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Providing Deep, Foundational Learning in an Introductory Energy Systems & Sustainability Course

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Conference

2015 ASEE Annual Conference & Exposition

Location

Seattle, Washington

Publication Date

June 14, 2015

Start Date

June 14, 2015

End Date

June 17, 2015

ISBN

978-0-692-50180-1

ISSN

2153-5965

Conference Session

ECCD Innovative Teaching Methods & Outreach

Tagged Division

Energy Conversion and Conservation

Tagged Topic

Diversity

Page Count

15

Page Numbers

26.1281.1 - 26.1281.15

DOI

10.18260/p.24618

Permanent URL

https://peer.asee.org/24618

Download Count

67

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Paper Authors

biography

Paul J. Weber Lake Superior State University

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Dr. Paul J. Weber is an Associate Professor in the School of Engineering & Technology at Lake Superior State University. His primary interests are in the areas of engineering education, renewable energy conversion systems, sustainability and resource usage, robotics, and digital systems.

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Joseph P Moening Lake Superior State University

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Abstract

Providing Deep, Foundational Learning in an Introductory Energy Conversion & Sustainability CourseEnergy conversion and other resource usage are foundational topics that have far-reachingeconomic, societal, and environmental impacts. Furthermore, they are inextricably linked, whereenergy is needed to extract resources and resources are needed to convert between differentforms of energy. The Center for Strategic and International Studies (CSIS) has identified“resource management” (including energy) as one of the “…most important trends shaping ourworld out to the year 2035” [1].Recently universities have begun to strengthen and/or develop programs in the energy area. Anexample of this is the Consortium of Universities for Sustainable Power (CUSP)TM, the goal ofwhich is to “…collectively evolve and promote the curriculum develop[ment]…” in this area [2].It was within this context that a new Sustainable Energy concentration was developed at theauthors’ university. This concentration is composed of courses such as power electronics, powertransmission and distribution, and electro-mechanical systems. A new course entitled EnergySystems & Sustainability was also developed.This new course is designed to provide a broad overview and allows both engineering and non-engineering students to gain exposure to these areas. The primary course objectives are forstudents to be able to: • Understand and use appropriate terminology to discuss energy conversion systems and sustainability, • Analyze (traditional and alternative) energy conversion systems for efficiency and power transfer, and • Measurably evaluate the sustainability of energy conversion systems.These objectives were explicitly developed with Bloom’s Taxonomy in mind [3,4]. In order topromote higher levels of learning, especially for the latter two objectives, a variety of activitiesthat were developed that embodied different modes of learning. These included: • Connecting energy use to their daily lives via energy audits, • Multiple field trips to local energy conversion facilities, including hydro, photovoltaic, and biomass systems, • Real-world examples and in-class hands-on items such as photovoltaic cells and wind turbine models, • In-class worksheets that cover both specific problems and more open-ended questions, and • [Preferably service learning] projects completed in multi-disciplinary teams.For the purpose of analyzing the course’s impacts in a broader sense, a mix of quantitative andqualitative methods will be used. The first qualitative method will employ concept maps toanalyze written exams and oral presentations, in order to determine the exact areas ofunderstanding, similar to Hill & Plantenberg [5]. These concept maps may then be compared toexperts in the field of energy conversion and/or sustainability depending on the topic. Inaddition, the final exam will be compared to a benchmark quiz from the first week of class.Lastly, a survey will be distributed to the students to gather their perceptions about engineeringand about other disciplines. The survey will also inquire which activities (mentioned above) hadthe greatest impact in which of the objectives and why. Due to the small class size, these will notbe repeatable results. Instead, as stated, a more in-depth approach to assessment will be taken.References[1] "Resource Management," Center for Strategic and International Studies, [Online]. Available: http://csis.org/program/seven-revolutions/resource-management. [Accessed 19 October 2014].[2] "Consortium of Universities for Sustainable Power," [Online]. Available: http://cusp.umn.edu/. [Accessed 19 October 2014].[3] D. Krathwohl, "A Revision of Bloom's Taxonomy: An Overview," Theory Into Practice, vol. 41, no. 4, pp. 212-218, 2002.[4] M. Forehandv, "Bloom's Taxonomy: Original and Revised. In M. Orey (Ed.), Emerging perspectives on learning, teaching, and technology.," 2005. [Online]. Available: http://epltt.coe.uga.edu/. [Accessed 19 October 2014].[5] R. Hill and K. Plantenberg, "Assessing a Conceptual Approach to Undergraduate Dynamics Instruction," in ASEE NCS Conference, Oakland, MI, 2014.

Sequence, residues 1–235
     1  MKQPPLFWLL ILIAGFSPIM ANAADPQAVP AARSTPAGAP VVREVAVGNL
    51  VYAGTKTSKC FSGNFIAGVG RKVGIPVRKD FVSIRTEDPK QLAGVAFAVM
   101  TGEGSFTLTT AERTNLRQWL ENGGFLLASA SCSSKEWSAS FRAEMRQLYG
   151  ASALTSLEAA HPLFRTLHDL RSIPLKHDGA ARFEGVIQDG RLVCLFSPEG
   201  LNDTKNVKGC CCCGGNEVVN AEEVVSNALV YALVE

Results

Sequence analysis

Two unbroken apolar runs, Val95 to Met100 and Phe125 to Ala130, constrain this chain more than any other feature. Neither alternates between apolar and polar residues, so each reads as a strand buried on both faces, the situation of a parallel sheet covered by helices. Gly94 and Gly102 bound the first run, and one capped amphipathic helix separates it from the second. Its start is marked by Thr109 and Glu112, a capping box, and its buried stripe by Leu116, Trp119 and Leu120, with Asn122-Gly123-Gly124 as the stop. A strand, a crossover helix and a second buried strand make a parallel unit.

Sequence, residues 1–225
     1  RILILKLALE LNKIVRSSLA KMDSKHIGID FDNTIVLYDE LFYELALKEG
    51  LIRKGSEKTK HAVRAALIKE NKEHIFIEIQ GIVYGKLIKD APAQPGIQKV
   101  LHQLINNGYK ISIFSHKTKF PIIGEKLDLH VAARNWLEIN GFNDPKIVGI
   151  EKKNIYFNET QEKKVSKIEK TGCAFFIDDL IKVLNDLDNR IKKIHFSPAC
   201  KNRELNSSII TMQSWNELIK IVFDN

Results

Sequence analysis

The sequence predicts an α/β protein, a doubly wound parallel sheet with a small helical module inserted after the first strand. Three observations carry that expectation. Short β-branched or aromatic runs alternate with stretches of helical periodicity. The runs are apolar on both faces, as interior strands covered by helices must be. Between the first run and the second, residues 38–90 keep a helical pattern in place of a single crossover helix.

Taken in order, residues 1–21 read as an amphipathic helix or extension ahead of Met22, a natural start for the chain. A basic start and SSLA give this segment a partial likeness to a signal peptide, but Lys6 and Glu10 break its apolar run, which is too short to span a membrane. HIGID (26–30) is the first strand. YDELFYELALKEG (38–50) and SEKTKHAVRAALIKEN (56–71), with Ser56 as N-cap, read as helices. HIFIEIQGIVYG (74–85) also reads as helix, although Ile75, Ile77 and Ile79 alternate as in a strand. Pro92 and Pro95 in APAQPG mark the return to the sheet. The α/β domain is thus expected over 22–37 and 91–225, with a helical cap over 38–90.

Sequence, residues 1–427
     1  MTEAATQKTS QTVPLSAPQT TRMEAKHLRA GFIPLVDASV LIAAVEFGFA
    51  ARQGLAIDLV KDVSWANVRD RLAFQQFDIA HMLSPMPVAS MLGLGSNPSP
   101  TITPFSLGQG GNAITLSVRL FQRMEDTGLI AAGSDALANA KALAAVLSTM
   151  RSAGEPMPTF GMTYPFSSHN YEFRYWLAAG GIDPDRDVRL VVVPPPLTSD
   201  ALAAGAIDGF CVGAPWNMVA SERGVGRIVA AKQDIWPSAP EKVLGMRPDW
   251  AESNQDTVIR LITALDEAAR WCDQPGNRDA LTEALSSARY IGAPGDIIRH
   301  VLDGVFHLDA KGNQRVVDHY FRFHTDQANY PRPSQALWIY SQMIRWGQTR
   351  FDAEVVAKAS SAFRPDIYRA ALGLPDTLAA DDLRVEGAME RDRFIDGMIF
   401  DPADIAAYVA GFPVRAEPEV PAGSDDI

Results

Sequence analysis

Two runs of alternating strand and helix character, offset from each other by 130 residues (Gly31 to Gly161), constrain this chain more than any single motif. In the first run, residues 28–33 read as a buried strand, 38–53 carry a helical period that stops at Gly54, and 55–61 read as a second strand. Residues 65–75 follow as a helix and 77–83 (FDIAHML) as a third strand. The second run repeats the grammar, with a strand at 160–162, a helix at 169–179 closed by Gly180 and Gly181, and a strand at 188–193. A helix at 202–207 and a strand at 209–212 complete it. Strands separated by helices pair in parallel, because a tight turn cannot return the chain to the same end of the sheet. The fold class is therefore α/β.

Weber, P. J., & Moening, J. P. (2015, June), Providing Deep, Foundational Learning in an Introductory Energy Systems & Sustainability Course Paper presented at 2015 ASEE Annual Conference & Exposition, Seattle, Washington. 10.18260/p.24618

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